Cam slipped into Ms. Kris’s hospital room. He’d meant to come on his lunch break, but things had gotten hectic at the office. Now it was after five o’clock, and he probably wouldn’t have much time before Walsh showed up. He stopped just inside, shocked at how small and drawn she looked against the sterile white hospital sheets. Pain wrapped around his heart like a stubborn vine, squeezing out what little peace he’d had.
He remembered what life had been like before he’d met this incredible woman. The memory of that life haunted him, sometimes dogging him into his sleep, nightmare and memory inextricably woven.
Cam noticed for the first time the simple Christmas decorations someone, probably Jo, had put up. A small tree on the bedside table. A few white lights suspended over Ms. Kris’s hospital bed. A large poinsettia in the corner. The festive touches couldn’t dispel the sense of inevitability hovering in the room like an unwanted visitor.
Cam sat down and pulled out his sketchpad. He hated to see her this way; her light dimmed and, based on the news Kerris had broken to him about hospice, soon to be extinguished. He settled himself at the foot of her bed, careful not to disturb her. He propped the sketchpad on his knees, filling the blank page with the picture his mind’s eye stored of her at her most glorious. Her dark hair spilling around her shoulders, and the lovely skin pulled with taut vitality over the regal bones of her face. Her wide mouth spread into an infectious grin. She stirred, stilling his charcoal pencil and drawing his attention.
“Hi, beautiful.” He tossed the pad to the floor and crawled up to her end of the bed, lying down on top of the covers in her outstretched arms.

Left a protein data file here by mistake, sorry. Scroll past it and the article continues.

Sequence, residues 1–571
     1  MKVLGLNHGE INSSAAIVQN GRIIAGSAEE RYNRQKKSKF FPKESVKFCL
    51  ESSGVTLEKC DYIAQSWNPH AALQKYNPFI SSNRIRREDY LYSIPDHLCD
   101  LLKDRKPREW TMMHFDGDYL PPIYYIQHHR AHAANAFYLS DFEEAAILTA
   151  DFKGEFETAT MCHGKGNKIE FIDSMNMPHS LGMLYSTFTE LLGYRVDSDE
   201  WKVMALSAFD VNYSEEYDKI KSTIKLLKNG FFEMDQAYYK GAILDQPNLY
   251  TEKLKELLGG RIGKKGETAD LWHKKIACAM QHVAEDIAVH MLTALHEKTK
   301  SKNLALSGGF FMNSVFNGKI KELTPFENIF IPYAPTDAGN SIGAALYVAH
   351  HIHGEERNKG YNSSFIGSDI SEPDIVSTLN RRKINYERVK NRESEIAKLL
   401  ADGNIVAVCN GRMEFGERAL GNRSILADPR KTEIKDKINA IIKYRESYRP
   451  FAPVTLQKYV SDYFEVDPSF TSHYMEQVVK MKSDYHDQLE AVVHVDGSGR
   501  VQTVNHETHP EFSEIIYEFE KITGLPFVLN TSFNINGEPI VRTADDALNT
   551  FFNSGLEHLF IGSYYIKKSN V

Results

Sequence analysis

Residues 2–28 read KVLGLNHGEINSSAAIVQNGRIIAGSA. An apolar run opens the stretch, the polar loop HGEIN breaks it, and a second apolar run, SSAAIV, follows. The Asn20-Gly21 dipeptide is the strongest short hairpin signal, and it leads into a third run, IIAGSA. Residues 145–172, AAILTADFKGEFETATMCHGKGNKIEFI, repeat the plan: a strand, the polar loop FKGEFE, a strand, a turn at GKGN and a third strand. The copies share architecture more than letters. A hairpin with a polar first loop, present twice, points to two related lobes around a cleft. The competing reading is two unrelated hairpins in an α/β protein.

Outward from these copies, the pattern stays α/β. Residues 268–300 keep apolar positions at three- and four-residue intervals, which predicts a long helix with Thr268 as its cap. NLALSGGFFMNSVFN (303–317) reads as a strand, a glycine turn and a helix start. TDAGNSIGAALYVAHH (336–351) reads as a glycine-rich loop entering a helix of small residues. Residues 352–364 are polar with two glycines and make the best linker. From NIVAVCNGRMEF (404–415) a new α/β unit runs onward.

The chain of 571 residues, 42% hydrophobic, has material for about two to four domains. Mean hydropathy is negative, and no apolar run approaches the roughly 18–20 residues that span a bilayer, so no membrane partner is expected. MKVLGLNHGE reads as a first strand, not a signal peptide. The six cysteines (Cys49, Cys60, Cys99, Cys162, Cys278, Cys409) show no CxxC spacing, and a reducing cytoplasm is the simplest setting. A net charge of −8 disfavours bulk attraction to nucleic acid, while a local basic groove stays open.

He closed his eyes, burrowing his nose into her neck, searching for her smell. Beneath the stench of illness, antiseptic and approaching death, it was still there. He inhaled, content to be held right here as his mother had never held him. Kristeene taught him what a mother should be, and though she’d always called him her second son, he never believed it. Been afraid or unable to accept it. When you have a son like Walsh Bennett, why would you want a worthless piece of shit like him? He’d never envied Walsh’s money or the compounded power that came with the Walsh and Bennett names. He’d envied this, though. He’d secretly coveted this goddess who had given birth to Walsh.
Entitled bastard had everything, had this, handed to him as an accident of birth, and now he wanted his wife.
“Kerris came to see me today,” Kristeene whispered, making Cam wonder if he’d fumed so much he had spoken aloud, or if Kisteene’s maternal clairvoyance kicked in as it had so many times before.
“She told me.”
“She’s so special, Cam.” Ms. Kris ran her hand over the almost shoulder length dark hair he’d left hanging loosely around his neck today.
“Yep.” Cam leaned into the gentle stroke like he had since he was thirteen years old.
“Did she tell you I’m going home tomorrow?” Ms. Kris fixed her gaze on the emotion he knew must be soaking his eyes.
“Ms. Kris, I can’t-I don’t know what I’ll do if you…”
“There’s no ‘if’, baby.” A trembling, skeletal hand traced the arch of his brows. “It’s gonna happen. This is my last Christmas. I’m dying.”
And inside of him, something was dying, too. Something that, early on, had been whipped into a mass of self-contempt, shame and rage, huddled in a corner when he’d first met this woman. It had healed and come to life under her compassion, love and acceptance. Cam was afraid it would die with her.